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Third of UK workers don't feel comfortable speaking to managers about mental health problems, report says

The Independent logo The Independent 15/05/2018 Robert Knight

a person standing in front of a computer © Provided by Independent Digital News & Media Limited Almost one third of UK employees do not feel comfortable talking to their manager about mental health problems for fear of being judged, a study has found.

Researchers found in excess of nine million workers “dread” discussing their mental wellbeing with their superior and one fifth fear they will be ostracised, while another 36 per cent think confiding in their boss would hamper their career.

The study of 1,000 employees also found that 71 per cent still consider mental health to be a taboo subject in the workplace, while four in 10 think they are better off suffering in silence.

Sarah Kirk, global diversity and inclusion director at Michael Page, who commissioned the study, said: “Businesses need to create a culture of trust, openness, support and acceptance by providing clear support, advice and signposting.

Related: Celebrities who have spoken out about mental health

“A good place to start is to support line managers with training and workshops on how to take care of themselves, but also spot signs of mental ill-health within their own teams.

“Some may not feel comfortable speaking to their manager about their mental health, but there are plenty of other ways for businesses to give people that confidence to speak up and bring their whole selves to work - after all, different things work for different people.

“Certain employees may benefit from talking to an HR business partner or calling an anonymous helpline, while others will choose counselling, yoga and other on-site activities, or simply a chat with one of their colleagues.”

The research also found 63 per cent of UK workers have suffered with mental health problems – but just one fifth have spoken to their boss about them.

Fifty-four per cent of those who have opened up felt supported following the chat, however 17 per cent believe they were misunderstood.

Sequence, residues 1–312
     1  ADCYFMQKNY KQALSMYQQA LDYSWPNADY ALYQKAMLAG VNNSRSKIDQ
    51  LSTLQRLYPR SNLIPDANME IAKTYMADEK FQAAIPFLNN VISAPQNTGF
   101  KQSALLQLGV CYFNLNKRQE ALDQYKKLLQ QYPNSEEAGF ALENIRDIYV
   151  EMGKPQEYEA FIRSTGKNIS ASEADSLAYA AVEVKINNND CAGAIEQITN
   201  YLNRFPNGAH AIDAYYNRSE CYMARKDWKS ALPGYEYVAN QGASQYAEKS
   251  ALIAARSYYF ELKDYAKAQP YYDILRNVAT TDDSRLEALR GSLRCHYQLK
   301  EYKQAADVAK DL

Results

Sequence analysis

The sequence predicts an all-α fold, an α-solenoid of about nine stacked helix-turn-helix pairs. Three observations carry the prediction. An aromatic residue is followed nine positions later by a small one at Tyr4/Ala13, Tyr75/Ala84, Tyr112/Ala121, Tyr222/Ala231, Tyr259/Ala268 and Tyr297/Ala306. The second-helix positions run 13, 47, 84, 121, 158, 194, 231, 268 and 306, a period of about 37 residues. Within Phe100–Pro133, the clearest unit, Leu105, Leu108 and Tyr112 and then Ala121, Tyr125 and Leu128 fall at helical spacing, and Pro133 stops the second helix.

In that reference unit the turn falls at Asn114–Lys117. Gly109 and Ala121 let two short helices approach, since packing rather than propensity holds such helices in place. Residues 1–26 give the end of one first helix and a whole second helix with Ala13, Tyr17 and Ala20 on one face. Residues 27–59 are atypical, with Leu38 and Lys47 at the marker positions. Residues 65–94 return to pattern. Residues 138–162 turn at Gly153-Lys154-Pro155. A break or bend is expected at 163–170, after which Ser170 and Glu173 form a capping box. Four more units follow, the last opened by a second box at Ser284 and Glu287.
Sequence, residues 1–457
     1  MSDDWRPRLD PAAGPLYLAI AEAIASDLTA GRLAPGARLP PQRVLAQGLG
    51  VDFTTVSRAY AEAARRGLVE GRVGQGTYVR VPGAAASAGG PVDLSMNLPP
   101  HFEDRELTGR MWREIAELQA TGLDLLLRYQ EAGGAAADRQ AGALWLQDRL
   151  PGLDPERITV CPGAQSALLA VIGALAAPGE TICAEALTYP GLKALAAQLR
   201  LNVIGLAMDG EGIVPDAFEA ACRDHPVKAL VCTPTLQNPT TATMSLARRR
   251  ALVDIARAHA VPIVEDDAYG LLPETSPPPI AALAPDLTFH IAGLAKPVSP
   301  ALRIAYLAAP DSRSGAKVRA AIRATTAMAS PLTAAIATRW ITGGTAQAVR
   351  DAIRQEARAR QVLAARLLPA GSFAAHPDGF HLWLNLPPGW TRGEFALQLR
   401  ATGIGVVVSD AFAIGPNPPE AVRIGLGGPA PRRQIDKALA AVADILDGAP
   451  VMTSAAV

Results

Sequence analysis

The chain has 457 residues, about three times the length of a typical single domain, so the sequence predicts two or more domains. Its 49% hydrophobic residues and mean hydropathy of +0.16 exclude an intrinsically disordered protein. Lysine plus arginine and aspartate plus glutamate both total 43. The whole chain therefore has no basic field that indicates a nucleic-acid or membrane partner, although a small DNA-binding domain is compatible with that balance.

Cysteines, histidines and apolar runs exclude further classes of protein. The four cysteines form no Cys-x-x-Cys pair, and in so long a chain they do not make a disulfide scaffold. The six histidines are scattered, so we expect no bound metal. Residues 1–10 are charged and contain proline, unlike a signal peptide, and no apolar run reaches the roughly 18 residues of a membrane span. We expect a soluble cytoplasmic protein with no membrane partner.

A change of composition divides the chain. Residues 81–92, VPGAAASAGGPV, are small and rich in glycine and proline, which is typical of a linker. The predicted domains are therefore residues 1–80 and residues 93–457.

And more than a fifth came away from the discussion feeling no better off.

In fact, 14 per cent said they felt more anxious following the conversation – and 44 per cent believe their career stalled as a direct result of it.

It also emerged that 61 per cent believe there is a “pull yourself together and get over it” attitude towards mental health in Britain’s workplaces.

© Provided by Shutterstock The survey also found more than one third wouldn’t be willing to discuss any mental health conditions with their co-workers.

Forty-five per cent think their colleagues would view them differently, 26 per cent fear that would be labelled “weird” and 16 per cent think they would even be laughed at.

Shockingly, 27 per cent have left a job due to it having a negative impact on their mental health and a further seven in 10 have considered handing in their notice for the same reason.

Amid this, 68 per cent think employers should do more to improve the understanding of mental health in the workplace.

However 57 per cent admit things have improved and believe our understanding of mental health is better now than it was as recently as five years ago.

Mental health activists Jonny Benjamin and Neil Laybourn are working with Michael Page to break the stigma of mental health in the workplace.

Mr Benjamin was moments away from jumping off London’s Waterloo Bridge until Mr Laybourn -someone he had never met before - stepped in and saved his life.

“It’s quite easy to call in sick because you have the flu, or a bad case of food poisoning, but telling your boss you need a mental health day isn’t as straightforward for most people,” he said.

Related: How Job Stress Affects Your Mental Health (provided by Wochit News)

"We spend so much of our time at work, and although it can be very fast-paced or stressful at times, the environment we spend the majority of our week in should never make us feel uncomfortable, or be the cause of our mental ill-health.”

Mr Laybourn added that people fear that opening up about their mental health as they worry about the way their colleagues or boss will perceive them.

“Some even worry that this will have an impact on their career progression,” he added.


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